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From Stefano Mazzocchi <stef...@apache.org>
Subject Re: So today Sun announced...
Date Tue, 16 May 2006 22:08:26 GMT
Dalibor Topic wrote:
> On Tue, May 16, 2006 at 10:46:55AM -0700, Geir Magnusson Jr wrote:
>> I was at the J1 keynote this morning hoping to hear news about Sun 
>> open-sourcing Java.
>> First, they announced some kind of distribution-like agreement with 
>> Ubuntu, so that any Debian-based distro can easily install Java.  It 
>> wasn't clear if they really are going to distribute Ubuntu w/ Java or 
>> just make it easy to install via apt.  I guess it's a new license for 
> Since I am not at JavaOne, and thus out of reach of catapulted T-shirts,
> here is the gist of it:
> This post contains sarcasm and pokes mild fun at Sun. You can still hit 
> 'd', if you can't stand someone making fun of Sun's antics.
> Basicially, Sun decided to fix the more wacky parts of the binary 
> license that made it impossible for distributions to ship the JDK
> without having to ram down Sun's proprietary software down the throats of
> their users, and leave them no choice of a free software alternative. 
> After ~5 years of Debian pointing out the obvious issues[1] of that 
> one, Sun eventually figured out that it may not be such a great idea, 
> after all. That blazingly fast display of the ability to listen follows 
> Schwartz's so accurately titled blog entry "Java, and Survival of the Most
> Adaptable". E pur si muove! :)
>> their binaries.  This is good news - one of the motivations of Harmony 
>> was to help make Java a first-class citizen on Linux, and this is a 
>> solid step in that direction.
> Sorta. Kinda. It's basically the first step Sun made to get off their
> appreciation for applying Microsoft's Windows OEM licensing concepts to 
> the redistributors of the JDK/JRE binaries. They could have done a lot
> better than with the license they ended up with. They could have also
> done worse, I guess, given Sun's legal divisions' masterworks like the 
> "Read Only" license.
> It's a huge step for Sun, no wonder it took 5 years to remove a handful 
> of clauses from the BCL. :)
>> Second.... I'm not sure how to describe this.  When Jonathan Schwartz 
>> (the CEO of Sun) asked Rich Green (the new EVP of software) if he was 
>> going to open-source Java, the answer was "the question isn't if, but 
>> how..." (or something like that)
>> I suppose that means they have made some sort of decision to do it, but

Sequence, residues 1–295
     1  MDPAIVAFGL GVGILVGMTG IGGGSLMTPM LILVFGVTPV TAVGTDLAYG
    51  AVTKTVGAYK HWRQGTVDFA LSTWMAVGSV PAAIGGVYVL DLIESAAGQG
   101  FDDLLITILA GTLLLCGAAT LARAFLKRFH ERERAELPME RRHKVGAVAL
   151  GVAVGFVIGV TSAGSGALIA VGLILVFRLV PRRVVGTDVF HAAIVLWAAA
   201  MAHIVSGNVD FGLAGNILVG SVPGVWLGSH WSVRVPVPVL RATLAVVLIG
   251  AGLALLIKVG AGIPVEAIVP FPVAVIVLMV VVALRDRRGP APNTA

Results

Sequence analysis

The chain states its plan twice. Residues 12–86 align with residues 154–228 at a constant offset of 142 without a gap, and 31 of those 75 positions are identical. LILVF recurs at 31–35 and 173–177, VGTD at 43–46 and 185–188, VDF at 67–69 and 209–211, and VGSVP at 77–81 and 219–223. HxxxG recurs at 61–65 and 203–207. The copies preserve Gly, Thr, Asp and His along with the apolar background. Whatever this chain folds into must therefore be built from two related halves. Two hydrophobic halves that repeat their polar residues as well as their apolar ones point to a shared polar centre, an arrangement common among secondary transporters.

>> have no idea how or when.
> Well, if you've seen Jonathan Schwartz pompously 'open source Java3D' a 
> few years ago, and then seen that after the hype cleared up, it meant 
> that Sun was keeping Java3D proprietary, and just releasing a bunch of
> coding examples under a anti-nuclear BSD license, you know what to
> expect: more of the same.
> My guess from Sun's past performance pseudo-open-sourcing Java3D, JAI, 
> etc. is that Schwartz will 'open source Java' in 2010, with huge fanfares, 
> and when one looks at the small print, that will actually mean that 
> you'll be able to get the examples from the Swing trail, and nothing 
> else, under the anti-nuclear BSD license. :)
>> So, while many of us knew that Sun will OSS Java eventually, it's still 
>> good news, and it's nice to see that the Java ecosystem is moving slowly 
>> but surely to openness :)
> For a suitable definition of 'openness', which Sun has not figured out
> yet ... so no new license announcement just yet. :)
> Nevertheless, I propose the name Java 'Openness' License for the upcoming
> wonderlicense at JAvaOne 2010. :)

Here are the facts:


This is a great step in the widespread use of java in the linux world
(apt-get install geronimo, anyone?) but it is no step in the direction
of open sourcing java.

the article at


(Simon, you still around here?) claims that this license is equivalent to


and that the debian package is called "sun-java-jre" but claims are
bogus. The package is called "sun-java5" and it is available in the
'unstable' debian flavor.

But I agree with Dalibor, "eppur si muove" ;-)


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